When going easy on yourself feels like a radical act of self love and it really shouldn't

Last week, I gave myself a pass.

Yeah, I DID.

Wednesday was rough. One of those days which are thankfully rare but still totally happen. When you're up when it's dark and from the moment you open your eyes you feel it all slowly but surely slide downhill.

When dinner time came, I was so. over. that. shit. I was ill, we were all tired. I started with some notion of cooking some vaguely passable dinner. Then I wondered why I would bother with that cooking from scratch crap when I knew there were two little pizzas in the back of the freezer. Pizza? In front of the TV? Who's gonna call the police on me?

There's a lot of guilt floating around these internets. Up for grabs at any time, across a smorgasboard of outlets. Your kids should be playing outside! Eating some variation of spiralized vegetables! Doing activities you found on Pinterest! Wearing ethically sourced organic clothing! None of this is wrong per se, I don't have to tell you that. My kids do indeed eat vegetables, and I have even done a pinterest activity with them in the last 3 days. I'm not a massive guilt feeler in this sense, I genuinely think that 90% of the time we're doing a bang up job of raising them. But I'm still human. Sometimes I compare and judge and look at our lives as an outsider, trying to see what others might see, trying to see if I'm checking the boxes.

But this is not the only way to be. I could probably go one step further and say that in many cases and scenarios, it's just not a sustainable way to be. There has to be some give. Sometimes, there is a lot of solo parenting. Sometimes, we get ill. Sometimes, we're tired and grumpy and not really ourselves. Sometimes, being a good mother doesn't look like it does on Instagram. On Wednesday night, being a good mother came from giving in to that and giving my self a pass. The good mothering came from screen time cuddles on the sofa with frozen pizza and peas in their bellies and yogurt in their hair and chilling the hell out. Accepting my limit for that day had been reached and there was no more to give.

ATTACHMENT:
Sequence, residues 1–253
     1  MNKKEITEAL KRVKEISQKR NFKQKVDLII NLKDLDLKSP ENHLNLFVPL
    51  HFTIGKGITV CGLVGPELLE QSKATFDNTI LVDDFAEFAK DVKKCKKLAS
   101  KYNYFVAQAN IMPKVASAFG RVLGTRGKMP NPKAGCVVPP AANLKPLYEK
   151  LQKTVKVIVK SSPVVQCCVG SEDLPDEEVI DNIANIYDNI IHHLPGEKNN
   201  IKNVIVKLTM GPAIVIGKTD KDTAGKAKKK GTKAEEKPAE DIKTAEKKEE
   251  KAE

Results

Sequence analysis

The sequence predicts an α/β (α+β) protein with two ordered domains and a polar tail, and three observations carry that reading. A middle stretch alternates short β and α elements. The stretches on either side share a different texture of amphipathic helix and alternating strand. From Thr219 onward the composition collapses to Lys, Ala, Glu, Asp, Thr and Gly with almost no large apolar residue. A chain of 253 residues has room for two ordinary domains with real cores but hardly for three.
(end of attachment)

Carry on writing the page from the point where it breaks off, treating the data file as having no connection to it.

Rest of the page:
That's the great thing about being the adult though, no? Some days you get to say fuck it and everyone has to do what you want. Obviously, my kids were pleased as punch. They watched cBeebies and ate pizza and giggled and had a great ol' time. And you know what? So did I!

That collection of anti-instagram/not cooking from scratch/childhood plugged in moments, making us so happy and calm.

What a fucking revelation.

I put the baby to bed and instead of reading to Sach, I handed him my phone. I crawled into bed next to him and we cuddled whilst I watched Kimmy Schmidt he played Scrabble.

Since that night I've read two brilliant bits about self care that really resonated with me. This one by Michelle, who is a nutritionist shared how eating ready made frozen meals allowed her to look after herself whilst undergoing therapy. The idea of good and bad food, of eating a certain way and cooking a certain way..... it takes it's toll and I'm thinking about it more and more. Especially if you're making on average 21 meals a week and it feels hard at times.

The other piece is from Renegade Mothering. Now you're all going to probably yell at me that you've been reading her forver, but whatevs I've just discovered her brilliance so am going to wang on about how on point she is. This post in particular hit me right in the gut.

So I'm trying to continue the self care theme in the everyday. Some days that means giving myself permission to do only what I can/want to do. Allowing myself to not feel guilty about that for as long as I can make it last. And that's it really. The guilt. The internal/external pressure to do all the things. It's not that I've never taken time during her nap to read or watch tv or do something purely for me. The difference is giving myself express permission. Usually that time comes with a caveat - you can do this one thing for yourself, but then you will do 5 other things that need doing to balance it out.

There are many exceptions as I'm still keeping two people alive and fitting in bits of work, but even within that I can make time for myself. It's do-able guys. Sometimes it feels very much not do-able. It has taken me 2 kids and 6.5 years to be even remotely feel comfortable with this idea and practice of not doing all the things. Of giving myself permission. Join me? Let's see if we can make it stick.


  1. I'm so glad that you're getting there. It breaks my heart a little bit to hear you being so hard on yourself when I can't think of anyone I know who is a more giving, selfless, considerate parent and generally deserving person.

    1. Are you trying to make me cry? Thank you love. Although, everyone feels like this to some extent, right?

  2. This doesn't end when your kids grow up. The world is always going to want just a little bit more of you than is good for you to give, so, practice now in keeping something for yourself can only do everyone good. xox.

    1. So interesting L, I can't remember how I dealt with this before kids (life before kids?!) but I was probably less of a martyr, which is sometimes the inclination now.

  3. The guilt and the caveats! Yes. Always whispering in my ear. Not sweet nothings, unfortunately. High fives for intentionally caring for yourself, lady. Goodness knows you deserve it.

    1. I love that K, "intentionally caring for yourself" <3